The jovial, joking and carousing spirit of the priests when they sit down for dinner is contrasted with that of the more tempered nuns, who largely eat in silence. That is, until Streep’s character, Sister Aloysius, breaks the quietude and tells her fellow nuns that they should be on the lookout for any peculiar activity from Flynn. Aloysius said that after his sermon, she suspected something was amiss in the church and school.
The movie attempts to deal with the issue of race in a unique way, in that the school’s first black student, Donald Miller, is the student with which Flynn is accused of having an inappropriate relationship. While Aloysius and James seem sensitive to neither singling Miller out or pushing him to the back in the upcoming Christmas production, Flynn is sensitive too, but in a different way, saying that the boy should be treated exactly like the other students and shouldn’t receive special treatment just because he’s black.
We later find out that Miller suffers beatings from his father. I will leave readers to watch the movie to find out precisely why. One day, Flynn, in a scene that looks harmless enough — and one would almost miss it if you got up to get a drink — calls Miller into the rectory. Sister James (Adams) is the mousy teacher of a class who learns how to handle the students from the hardened and unwavering Sister Aloysius.
The movie quickly cuts to dancing practice right after Miller leaves to visit Flynn. James later tells Aloysius that Miller acted strangely upon returning to class and that he had alcohol on his breath. After some prying, Aloysius finally gets Flynn to say that the boy was caught drinking wine and was subsequently kicked from the altar boys. This is where it gets interesting because while James believes Flynn’s story, Aloysius does not and vows to bring Flynn down. Flynn’s next sermon, appropriately enough, is about gossip, and Hoffman, moving flawlessly between a Bronx accent and that of an Irish priest named O’Rourke, his character, Flynn, tells a parable about a conversation between the woman and an Irish priest. The pastor tells the woman to take a pillow, go to her roof and cut it open with a knife. When she does this, she goes back to the pastor, and he asks if she was able to collect all the feathers that had blown in the wind after cutting the pillow open. She said that she wasn’t able to and that they were scattered all about in the wind. And that, Flynn told the congregation forcefully, is gossip.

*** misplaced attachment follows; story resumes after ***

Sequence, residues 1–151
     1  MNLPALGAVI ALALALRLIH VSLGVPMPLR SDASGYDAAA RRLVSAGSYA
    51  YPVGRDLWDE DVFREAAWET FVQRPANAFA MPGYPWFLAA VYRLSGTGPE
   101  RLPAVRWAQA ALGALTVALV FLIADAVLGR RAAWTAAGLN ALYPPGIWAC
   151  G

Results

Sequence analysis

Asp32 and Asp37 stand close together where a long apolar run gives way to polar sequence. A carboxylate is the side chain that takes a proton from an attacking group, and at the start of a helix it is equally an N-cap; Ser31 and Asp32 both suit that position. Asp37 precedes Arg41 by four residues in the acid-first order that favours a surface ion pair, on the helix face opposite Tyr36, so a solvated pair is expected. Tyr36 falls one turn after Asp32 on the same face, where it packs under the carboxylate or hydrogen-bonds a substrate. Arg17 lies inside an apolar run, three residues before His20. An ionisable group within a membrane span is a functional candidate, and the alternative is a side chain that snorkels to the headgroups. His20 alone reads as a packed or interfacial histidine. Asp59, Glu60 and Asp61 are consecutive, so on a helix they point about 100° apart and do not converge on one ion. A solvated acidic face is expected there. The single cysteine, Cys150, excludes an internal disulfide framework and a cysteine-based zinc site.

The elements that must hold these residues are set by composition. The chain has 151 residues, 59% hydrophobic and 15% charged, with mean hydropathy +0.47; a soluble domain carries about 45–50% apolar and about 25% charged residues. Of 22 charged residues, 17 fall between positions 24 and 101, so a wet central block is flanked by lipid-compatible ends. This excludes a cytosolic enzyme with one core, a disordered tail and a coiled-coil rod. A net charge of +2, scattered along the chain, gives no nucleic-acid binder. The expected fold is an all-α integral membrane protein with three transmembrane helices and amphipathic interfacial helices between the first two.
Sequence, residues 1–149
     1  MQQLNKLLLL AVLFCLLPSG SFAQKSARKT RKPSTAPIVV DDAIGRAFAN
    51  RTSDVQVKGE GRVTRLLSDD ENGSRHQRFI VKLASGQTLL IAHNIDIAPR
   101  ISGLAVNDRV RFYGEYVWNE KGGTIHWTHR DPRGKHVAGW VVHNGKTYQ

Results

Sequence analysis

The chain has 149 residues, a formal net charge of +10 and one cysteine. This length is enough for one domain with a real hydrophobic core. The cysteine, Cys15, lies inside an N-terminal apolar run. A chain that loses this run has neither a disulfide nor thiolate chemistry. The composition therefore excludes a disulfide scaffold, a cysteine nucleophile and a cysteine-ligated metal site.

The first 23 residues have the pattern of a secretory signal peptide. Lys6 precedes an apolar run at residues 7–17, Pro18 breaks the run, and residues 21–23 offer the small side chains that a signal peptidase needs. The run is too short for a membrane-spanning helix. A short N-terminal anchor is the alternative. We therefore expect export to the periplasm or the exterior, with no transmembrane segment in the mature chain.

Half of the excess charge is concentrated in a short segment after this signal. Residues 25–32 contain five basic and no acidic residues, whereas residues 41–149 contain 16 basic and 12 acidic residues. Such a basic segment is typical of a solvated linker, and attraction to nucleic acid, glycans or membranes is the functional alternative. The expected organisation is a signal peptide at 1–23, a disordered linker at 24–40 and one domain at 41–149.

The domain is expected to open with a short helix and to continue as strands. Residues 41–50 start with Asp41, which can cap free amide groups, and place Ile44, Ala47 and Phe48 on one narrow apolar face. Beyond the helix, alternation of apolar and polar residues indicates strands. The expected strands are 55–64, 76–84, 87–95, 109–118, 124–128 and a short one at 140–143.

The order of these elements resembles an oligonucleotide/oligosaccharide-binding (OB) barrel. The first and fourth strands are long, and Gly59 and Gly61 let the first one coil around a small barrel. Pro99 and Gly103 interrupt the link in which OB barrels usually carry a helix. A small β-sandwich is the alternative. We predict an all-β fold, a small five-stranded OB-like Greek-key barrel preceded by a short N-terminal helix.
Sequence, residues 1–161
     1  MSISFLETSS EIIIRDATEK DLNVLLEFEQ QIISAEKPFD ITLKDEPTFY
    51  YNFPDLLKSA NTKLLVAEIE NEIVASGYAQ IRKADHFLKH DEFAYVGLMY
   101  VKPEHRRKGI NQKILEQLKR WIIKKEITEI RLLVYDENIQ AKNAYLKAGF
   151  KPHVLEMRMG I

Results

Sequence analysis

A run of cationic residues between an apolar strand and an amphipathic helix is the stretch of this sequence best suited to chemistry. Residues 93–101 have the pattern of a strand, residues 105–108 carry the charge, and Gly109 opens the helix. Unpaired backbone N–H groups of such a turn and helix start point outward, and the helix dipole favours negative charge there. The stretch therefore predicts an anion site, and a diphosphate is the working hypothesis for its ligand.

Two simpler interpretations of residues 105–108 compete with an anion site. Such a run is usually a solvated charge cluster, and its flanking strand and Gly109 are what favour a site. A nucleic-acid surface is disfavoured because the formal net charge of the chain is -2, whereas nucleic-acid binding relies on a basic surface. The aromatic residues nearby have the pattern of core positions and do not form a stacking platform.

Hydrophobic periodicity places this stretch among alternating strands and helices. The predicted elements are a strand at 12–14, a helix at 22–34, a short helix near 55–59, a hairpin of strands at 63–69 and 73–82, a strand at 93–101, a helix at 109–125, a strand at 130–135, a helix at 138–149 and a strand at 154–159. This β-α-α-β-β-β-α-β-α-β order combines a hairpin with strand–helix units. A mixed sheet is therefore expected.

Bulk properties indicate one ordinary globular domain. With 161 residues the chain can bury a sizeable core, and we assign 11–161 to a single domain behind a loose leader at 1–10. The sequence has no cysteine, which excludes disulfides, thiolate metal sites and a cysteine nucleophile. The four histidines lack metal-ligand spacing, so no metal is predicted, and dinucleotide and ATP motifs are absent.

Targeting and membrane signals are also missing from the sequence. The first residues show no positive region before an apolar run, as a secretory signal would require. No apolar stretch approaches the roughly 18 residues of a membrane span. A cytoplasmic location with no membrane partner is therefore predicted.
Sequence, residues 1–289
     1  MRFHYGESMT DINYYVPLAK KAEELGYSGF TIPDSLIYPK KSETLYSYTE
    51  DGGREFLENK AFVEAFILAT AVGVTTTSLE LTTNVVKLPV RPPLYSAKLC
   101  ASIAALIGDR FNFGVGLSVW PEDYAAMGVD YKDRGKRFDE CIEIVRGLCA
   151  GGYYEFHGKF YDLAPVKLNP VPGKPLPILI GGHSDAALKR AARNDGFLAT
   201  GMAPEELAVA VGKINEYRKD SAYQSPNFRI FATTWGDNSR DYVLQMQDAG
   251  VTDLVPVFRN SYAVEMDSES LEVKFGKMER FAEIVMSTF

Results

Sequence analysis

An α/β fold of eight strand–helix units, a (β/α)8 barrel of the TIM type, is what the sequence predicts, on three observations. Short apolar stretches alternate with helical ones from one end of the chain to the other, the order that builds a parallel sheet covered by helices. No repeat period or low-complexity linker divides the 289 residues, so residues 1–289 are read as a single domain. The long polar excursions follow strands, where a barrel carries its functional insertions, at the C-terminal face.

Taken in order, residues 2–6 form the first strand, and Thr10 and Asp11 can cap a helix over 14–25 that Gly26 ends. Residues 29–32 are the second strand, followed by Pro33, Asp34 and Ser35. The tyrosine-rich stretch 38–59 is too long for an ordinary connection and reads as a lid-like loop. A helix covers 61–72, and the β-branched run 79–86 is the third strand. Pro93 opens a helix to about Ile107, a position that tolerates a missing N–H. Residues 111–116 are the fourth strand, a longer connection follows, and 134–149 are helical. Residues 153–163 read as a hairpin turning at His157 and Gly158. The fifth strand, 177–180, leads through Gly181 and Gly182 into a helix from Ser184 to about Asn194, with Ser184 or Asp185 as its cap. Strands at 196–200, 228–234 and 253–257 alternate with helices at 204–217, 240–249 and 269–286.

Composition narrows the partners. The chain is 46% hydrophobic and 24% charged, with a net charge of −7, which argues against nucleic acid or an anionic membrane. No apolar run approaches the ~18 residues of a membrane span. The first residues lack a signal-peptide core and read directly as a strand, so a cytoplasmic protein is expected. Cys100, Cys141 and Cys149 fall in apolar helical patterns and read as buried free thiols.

Later in the film, Aloysius confronts Donald Miller’s mother about the alleged incident in one of the better acted scenes I’ve seen in quite awhile. Donald’s mother is played by Viola Davis, who, in her only scene in the movie, clearly brought her acting A-game. The scene was so impassioned, and in ways, shocking, that is easily stands as the pivotal scene in the film.
So as not to give anything away, I’ll leave at it that regarding plot details. Nothing much happens in the film in any real sense. Dialog, stellar acting, unusual lighting and camera angles and symbolism largely carry the movie. It is, almost chokingly, set within the confines of this school and church. From attempting to dissect the various clues about whether Flynn actually did the deed (I have even carefully examined Hoffman’s facial expressions during the confrontation scene between Aloysius, James and Flynn), one can really only come to a reasoned guess on what really happened.